Rockets 123, Mavericks 107 - Houston sweeps Dallas in chippy blowout

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Believe it or not, the Houston Rockets have already played the Dallas Mavericks four times in the first 33 games of the 2016-2017 NBA season. This time, the Rockets were without Patrick Beverley due to a contusion on his left thigh and Dirk Nowitzki returned from a long absence with an achilles injury.  The first three games were fairly close, but the Rockets took care of business in a big way to get the sweep of Mark Cuban’s squad.

The Rockets got out to a hot start, building a 15-4 lead in the first five minutes of the game. At one point midway through the opening period, Houston hit eight straight shots – including back-to-back threes from Ryan Anderson and Trevor Ariza that built the lead to 14. James Harden got whatever he wanted and found his teammates wide-open, recording four assists in the first five minutes (and six for the opening period).

Instead of laying down to a 14-point deficit, the stubborn Dallas Mavericks went on a 17-3 run to tie the game at 24. During this stretch, Dallas made five threes in a row and held the Rockets in check offensively – nothing was coming easy. Thanks to excellent defensive play late in the opening quarter and Harrison Barnes being the only Maverick to get going offensively (13 points in the first), the game was tied at 31 at the end of the period.

The second quarter opened with both teams trading baskets – Houston with three tough lay-ups and Dallas with two more three-pointers. Then, the Rockets really got things going and built the lead to 11 with Harden (who played the entire first quarter) on the bench. Houston found its three-point rhythm, converting on nine of sixteen attempts (56%) in the first half. The Rockets added great defense to this hot streak and held Dallas scoreless for over five minutes on the way to a 16-0 run.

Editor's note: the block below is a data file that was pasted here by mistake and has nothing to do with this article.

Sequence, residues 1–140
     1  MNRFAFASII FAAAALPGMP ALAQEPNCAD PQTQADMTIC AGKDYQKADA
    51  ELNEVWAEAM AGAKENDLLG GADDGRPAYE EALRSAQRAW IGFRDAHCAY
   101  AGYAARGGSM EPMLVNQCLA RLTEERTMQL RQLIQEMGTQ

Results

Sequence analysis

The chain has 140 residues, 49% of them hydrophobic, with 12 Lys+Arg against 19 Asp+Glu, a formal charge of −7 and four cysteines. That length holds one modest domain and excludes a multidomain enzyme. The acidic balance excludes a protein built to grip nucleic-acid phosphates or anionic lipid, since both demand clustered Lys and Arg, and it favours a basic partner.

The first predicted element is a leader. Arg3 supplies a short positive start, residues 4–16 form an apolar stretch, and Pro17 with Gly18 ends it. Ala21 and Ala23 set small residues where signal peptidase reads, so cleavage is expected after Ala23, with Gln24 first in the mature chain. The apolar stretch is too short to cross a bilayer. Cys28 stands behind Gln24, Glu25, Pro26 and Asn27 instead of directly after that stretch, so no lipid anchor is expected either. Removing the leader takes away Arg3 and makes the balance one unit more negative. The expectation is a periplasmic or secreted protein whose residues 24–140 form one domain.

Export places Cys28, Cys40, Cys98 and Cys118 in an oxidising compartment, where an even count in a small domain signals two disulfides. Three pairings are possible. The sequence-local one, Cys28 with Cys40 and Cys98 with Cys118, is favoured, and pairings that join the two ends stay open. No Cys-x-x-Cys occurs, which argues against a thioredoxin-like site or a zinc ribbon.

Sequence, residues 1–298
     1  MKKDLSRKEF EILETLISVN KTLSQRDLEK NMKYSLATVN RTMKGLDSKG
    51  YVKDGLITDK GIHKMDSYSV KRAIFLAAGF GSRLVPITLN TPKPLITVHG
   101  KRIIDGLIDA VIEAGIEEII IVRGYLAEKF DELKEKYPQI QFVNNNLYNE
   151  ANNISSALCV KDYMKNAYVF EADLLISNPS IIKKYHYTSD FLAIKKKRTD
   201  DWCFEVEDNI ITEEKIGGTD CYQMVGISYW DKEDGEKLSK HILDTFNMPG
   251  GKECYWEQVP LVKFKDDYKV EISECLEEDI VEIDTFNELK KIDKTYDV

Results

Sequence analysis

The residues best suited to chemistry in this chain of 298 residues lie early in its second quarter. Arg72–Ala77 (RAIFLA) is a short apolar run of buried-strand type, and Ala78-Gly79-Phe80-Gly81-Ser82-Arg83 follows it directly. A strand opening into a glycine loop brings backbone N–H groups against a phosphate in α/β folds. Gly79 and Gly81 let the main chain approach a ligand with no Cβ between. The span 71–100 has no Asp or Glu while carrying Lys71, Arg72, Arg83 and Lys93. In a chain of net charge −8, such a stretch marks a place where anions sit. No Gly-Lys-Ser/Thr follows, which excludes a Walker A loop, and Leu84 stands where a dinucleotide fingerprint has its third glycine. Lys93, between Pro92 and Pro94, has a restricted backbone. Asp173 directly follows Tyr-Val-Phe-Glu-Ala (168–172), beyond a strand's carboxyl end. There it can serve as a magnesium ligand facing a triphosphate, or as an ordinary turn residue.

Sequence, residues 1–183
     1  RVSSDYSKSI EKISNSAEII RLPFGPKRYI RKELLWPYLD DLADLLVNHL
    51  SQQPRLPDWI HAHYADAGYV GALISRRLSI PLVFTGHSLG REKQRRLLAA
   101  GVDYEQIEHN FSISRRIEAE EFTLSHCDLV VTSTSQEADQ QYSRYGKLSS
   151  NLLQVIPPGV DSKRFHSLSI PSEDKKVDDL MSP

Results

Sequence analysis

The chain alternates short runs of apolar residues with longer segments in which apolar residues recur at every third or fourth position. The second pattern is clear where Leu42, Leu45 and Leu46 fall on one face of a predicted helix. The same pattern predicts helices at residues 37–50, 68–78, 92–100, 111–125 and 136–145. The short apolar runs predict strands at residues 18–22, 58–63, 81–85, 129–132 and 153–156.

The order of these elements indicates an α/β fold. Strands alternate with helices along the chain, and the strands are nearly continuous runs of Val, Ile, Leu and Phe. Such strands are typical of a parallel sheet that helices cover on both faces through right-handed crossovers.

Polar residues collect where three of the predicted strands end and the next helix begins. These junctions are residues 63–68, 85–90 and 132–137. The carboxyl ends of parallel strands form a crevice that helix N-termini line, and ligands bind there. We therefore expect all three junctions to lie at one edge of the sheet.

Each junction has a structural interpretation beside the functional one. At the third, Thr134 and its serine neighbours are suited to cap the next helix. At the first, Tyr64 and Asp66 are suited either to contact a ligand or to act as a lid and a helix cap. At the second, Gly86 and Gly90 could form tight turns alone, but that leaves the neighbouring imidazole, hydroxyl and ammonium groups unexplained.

Things got a little chippy after Harden checked back into the game and immediately ran face-first into an Andrew Bogut moving screen that was called a flagrant foul. A few possessions later, Rockets starting center Nene got tangled up with Justin Anderson under the basket and both were called for technical fouls. This kind of chippiness is to be expected when a bad team (Dallas) feels the game slipping away against a division rival.

The Rockets went into halftime with their biggest lead of the night, 66-47. Harden turned on the scoring jets in the second period, finishing the half with 24 points and seven assists. Ryan Anderson contributed 15 points on 66.7% shooting in the first half (he finished with 22 points on 58.3% shooting), and the Rockets held Barnes scoreless in the second period. Dirk Nowitzki managed only seven points on 25% shooting and did not return in the second half.

Strangely, both teams continued to yap at each other (and the refs) to start the third quarter. Salah Mejri was called for a technical foul for gesturing at a referee, and then Trevor Ariza was called for a technical in a conversation with Mejri. After that, Dallas’ coach Rick Carlisle was called for a tech, yapping with the refs. Play finally continued after that weird sequence and Houston built its lead to 25.

Another flagrant foul was assessed (innocently) to Dwight Powell after he missed a block attempt and nailed Ryan Anderson hard across his face and neck. A couple of possessions later, Montrezl Harrell got called for a technical foul. Towards the end of the third, Harden was called for a mild technical. After the buzzer sounded to end the third period, Trevor Ariza continued yapping at the Mavericks’ bench. That was Ariza’s second of the game, so he was ejected.

So, to sum up, the Dallas Mavericks were called for three technical fouls and two flagrants, and the Rockets were called for four technicals – all in the first three quarters of a blowout game. The NBA is sure to be pleased with the fine money they receive for all of these calls. Just bizarre.

Given that this game was over by halftime, both teams emptied their benches in the fourth quarter and, thankfully, there were no more shenanigans of the technical/flagrant variety. The Rockets are a far superior team, but sweeping a division rival four games to none has to feel good – especially when the sweep comes before the turn of the calendar. 

Game Ball

This is a segment of the game recaps that will give the proverbial game ball to a player that proved to be most valuable to the Rockets on a given night. This award won’t necessarily go to the player that puts up the best numbers, but to the player that made the greatest impact on the team – tangible or intangible.

Tuesday’s game ball goes to James Harden.

Taking care of inferior opponents is what championship contending teams should do, and games like this should be easy for the Rockets if they can put it away early. That’s exactly what James Harden facilitated with his 34 point (on 9/16 shooting – 56%), 11 assist, and five rebound performance that all took place in the first three quarters.

The fact that Harden was able to rest the entire fourth quarter is probably the most important statistic to come out of this game. His health is the most important factor in Houston being a true contender, and him being well-rested is just icing on the cake.

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